I inadvertently corrupted a couple of mailbox stores (like anyone actually causes corruption intentionally) because of a lack of understanding. I hope this story will save someone else some pain.
The story started when an Exchange server's CPU was running at 100% for a long time, causing my monitor to alert us. After some intial troubleshooting, it was decided to restart the Exchange services. The restart process failed, the CPU continued to run at 100%.
We waited an hour, and the status had not changed. Figuring a reboot would resolve any ailments, we did just that. The server took a long time, but finally rebooted after 15 minutes. When the server restarted, some of the mailbox stores did not mount. After spending some time to try to fix things, we put in a call to Microsoft PSS.
The bad news
We discovered that our actions corrupted several mailbox stores (this was on an Enterprise Edition server). In talking to Microsoft, we discovered that a shutdown or restart of the Operating System does not necessarily wait for all services to stop. The Information Store service apparently did not stop completely and after a timed delay, Windows shut itself down. We were told that the corruption happened because the store was actively being written to when the service stopped.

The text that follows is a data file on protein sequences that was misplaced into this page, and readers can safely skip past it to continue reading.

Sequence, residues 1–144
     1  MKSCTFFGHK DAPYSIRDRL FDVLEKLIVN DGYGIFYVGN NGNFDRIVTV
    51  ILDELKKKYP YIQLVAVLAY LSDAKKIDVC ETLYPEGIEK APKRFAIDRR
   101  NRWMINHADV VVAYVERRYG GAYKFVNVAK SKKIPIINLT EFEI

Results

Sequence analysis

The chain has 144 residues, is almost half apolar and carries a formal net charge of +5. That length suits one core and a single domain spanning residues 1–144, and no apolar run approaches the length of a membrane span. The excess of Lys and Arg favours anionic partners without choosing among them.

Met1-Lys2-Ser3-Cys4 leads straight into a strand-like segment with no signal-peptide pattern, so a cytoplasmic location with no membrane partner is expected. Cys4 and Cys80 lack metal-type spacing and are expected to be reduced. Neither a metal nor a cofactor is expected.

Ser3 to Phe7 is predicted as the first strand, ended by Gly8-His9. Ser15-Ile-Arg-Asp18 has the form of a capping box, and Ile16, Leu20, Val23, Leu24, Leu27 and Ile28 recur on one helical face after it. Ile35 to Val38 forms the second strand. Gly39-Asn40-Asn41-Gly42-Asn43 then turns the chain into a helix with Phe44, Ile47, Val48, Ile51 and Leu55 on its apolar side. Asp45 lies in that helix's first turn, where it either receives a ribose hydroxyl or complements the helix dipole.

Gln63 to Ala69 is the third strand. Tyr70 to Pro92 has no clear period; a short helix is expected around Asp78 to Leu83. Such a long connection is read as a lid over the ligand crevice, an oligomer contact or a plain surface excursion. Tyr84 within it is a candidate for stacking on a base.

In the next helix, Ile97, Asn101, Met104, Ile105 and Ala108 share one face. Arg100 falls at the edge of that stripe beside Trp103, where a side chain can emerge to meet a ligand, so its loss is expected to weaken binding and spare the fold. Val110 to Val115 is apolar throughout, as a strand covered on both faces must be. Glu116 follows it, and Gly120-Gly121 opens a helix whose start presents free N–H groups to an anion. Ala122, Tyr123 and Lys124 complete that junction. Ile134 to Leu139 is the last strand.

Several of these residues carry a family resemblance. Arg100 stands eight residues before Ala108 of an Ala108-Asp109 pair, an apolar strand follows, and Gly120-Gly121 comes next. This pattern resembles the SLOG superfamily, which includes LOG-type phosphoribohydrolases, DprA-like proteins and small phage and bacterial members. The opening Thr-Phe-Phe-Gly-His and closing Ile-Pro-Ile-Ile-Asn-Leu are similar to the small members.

With a new understanding of the Information Store service, whenever maintenance is performed on our Exchange servers, we always dismount all of the mailbox stores first. This assures that all "in flight" transactions are complete before the service is stopped.